The design of spatial decision support systems in urban and regional planning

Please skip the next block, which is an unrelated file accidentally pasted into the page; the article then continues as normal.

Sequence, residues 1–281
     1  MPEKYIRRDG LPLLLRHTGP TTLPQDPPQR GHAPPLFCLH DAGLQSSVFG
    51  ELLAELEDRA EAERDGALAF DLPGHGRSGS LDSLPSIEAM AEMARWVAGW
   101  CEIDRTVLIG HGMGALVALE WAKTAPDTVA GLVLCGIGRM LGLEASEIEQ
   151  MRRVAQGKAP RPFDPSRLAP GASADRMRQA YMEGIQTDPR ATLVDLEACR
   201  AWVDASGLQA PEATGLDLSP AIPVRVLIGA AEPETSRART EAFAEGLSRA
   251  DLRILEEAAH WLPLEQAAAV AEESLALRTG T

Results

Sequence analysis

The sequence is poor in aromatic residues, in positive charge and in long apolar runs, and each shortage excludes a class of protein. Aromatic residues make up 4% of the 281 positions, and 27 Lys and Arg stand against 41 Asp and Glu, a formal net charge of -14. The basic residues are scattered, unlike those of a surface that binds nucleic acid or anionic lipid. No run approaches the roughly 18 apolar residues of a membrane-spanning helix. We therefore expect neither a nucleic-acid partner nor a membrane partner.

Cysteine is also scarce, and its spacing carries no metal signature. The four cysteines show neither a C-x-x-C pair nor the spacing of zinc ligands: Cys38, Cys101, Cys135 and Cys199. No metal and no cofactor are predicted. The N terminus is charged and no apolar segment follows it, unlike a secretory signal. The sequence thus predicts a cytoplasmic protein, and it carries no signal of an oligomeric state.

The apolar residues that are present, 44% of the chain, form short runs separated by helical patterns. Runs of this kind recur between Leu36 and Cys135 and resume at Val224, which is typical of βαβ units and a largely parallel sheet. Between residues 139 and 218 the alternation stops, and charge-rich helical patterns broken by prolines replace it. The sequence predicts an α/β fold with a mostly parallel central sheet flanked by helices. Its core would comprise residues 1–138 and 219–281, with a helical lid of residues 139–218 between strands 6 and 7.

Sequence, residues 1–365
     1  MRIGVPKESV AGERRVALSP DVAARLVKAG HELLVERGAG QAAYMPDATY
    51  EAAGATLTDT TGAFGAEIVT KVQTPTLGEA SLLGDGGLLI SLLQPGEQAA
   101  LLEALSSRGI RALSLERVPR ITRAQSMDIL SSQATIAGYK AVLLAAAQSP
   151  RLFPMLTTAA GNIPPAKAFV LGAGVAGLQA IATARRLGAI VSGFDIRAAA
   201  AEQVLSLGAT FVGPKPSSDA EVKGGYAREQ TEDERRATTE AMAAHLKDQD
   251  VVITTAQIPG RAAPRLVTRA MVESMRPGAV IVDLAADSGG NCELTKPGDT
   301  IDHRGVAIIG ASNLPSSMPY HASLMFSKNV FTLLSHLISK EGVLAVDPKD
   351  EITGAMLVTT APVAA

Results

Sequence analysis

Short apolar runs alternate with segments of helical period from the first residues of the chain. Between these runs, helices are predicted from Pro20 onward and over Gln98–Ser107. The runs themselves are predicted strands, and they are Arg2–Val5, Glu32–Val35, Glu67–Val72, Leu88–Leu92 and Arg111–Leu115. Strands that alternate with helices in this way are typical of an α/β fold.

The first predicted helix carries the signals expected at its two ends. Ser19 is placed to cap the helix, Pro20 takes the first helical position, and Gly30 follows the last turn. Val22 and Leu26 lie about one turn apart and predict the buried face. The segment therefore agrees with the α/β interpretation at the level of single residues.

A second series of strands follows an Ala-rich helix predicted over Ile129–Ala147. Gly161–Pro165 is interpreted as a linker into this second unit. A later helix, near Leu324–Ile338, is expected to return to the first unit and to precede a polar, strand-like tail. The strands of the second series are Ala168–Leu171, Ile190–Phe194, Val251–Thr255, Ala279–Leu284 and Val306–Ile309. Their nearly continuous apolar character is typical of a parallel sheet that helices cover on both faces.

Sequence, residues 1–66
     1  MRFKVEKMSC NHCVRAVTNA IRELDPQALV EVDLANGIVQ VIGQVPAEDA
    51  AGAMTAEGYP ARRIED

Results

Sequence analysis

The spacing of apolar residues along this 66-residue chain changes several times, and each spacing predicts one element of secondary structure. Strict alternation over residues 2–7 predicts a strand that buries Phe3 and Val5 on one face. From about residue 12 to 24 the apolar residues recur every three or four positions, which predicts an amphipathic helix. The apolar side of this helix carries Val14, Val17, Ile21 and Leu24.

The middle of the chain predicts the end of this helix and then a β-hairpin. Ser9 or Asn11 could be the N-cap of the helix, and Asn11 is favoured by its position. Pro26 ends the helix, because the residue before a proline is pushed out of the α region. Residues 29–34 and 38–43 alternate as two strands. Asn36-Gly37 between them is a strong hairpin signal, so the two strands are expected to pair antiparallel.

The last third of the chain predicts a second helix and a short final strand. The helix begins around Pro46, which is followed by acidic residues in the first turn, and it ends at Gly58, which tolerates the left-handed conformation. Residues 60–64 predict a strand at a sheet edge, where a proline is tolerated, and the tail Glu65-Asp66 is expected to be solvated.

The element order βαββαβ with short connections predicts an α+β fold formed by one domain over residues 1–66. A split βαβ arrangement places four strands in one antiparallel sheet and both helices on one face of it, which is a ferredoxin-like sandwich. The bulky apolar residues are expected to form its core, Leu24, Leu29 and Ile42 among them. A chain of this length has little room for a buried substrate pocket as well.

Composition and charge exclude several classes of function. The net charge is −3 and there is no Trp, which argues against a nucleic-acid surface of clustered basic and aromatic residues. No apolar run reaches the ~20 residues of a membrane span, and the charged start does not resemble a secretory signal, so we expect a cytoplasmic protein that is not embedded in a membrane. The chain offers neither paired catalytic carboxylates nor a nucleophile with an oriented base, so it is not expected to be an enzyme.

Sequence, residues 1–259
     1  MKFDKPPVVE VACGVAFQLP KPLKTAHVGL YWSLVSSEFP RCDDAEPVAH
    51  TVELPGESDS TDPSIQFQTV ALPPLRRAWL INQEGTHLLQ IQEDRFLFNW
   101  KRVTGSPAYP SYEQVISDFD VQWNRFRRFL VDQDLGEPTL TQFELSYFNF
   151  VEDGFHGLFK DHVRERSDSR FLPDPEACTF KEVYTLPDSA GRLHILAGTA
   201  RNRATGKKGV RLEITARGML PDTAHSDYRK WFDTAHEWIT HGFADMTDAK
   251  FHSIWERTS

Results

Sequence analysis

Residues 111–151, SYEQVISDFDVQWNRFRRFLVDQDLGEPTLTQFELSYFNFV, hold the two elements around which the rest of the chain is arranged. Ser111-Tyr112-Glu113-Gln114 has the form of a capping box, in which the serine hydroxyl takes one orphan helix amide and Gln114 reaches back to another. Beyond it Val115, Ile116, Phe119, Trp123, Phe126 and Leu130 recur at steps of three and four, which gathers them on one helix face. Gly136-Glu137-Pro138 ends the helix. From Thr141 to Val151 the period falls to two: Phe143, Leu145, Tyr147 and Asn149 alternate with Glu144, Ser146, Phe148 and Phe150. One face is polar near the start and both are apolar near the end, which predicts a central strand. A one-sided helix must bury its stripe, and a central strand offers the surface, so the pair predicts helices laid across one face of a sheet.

Planning methodology has changed over the years as emphasis has shifted from situations in which planners think, plan and design for the people, to one in which both people and planners have become important actors in the planning process. The arguments have been that planners do not necessarily have all the knowledge and the ability to perform planning tasks alone, and consequently should interact more with the people for whom the plan is being made. Indeed, the people consist of two groups: the decision-makers who eventually consider and approve plans, and the common people for whom the plans are being made. It is probably true to say that, for a long time, both groups of people have looked upon the planner as a technocrat whose main interest lies in imposing rules, laws and regulations without much consideration for the views of the people. The need to involve not only planners but also policy-makers in the planning process calls for the introduction of new planning approaches that integrate these three groups of people.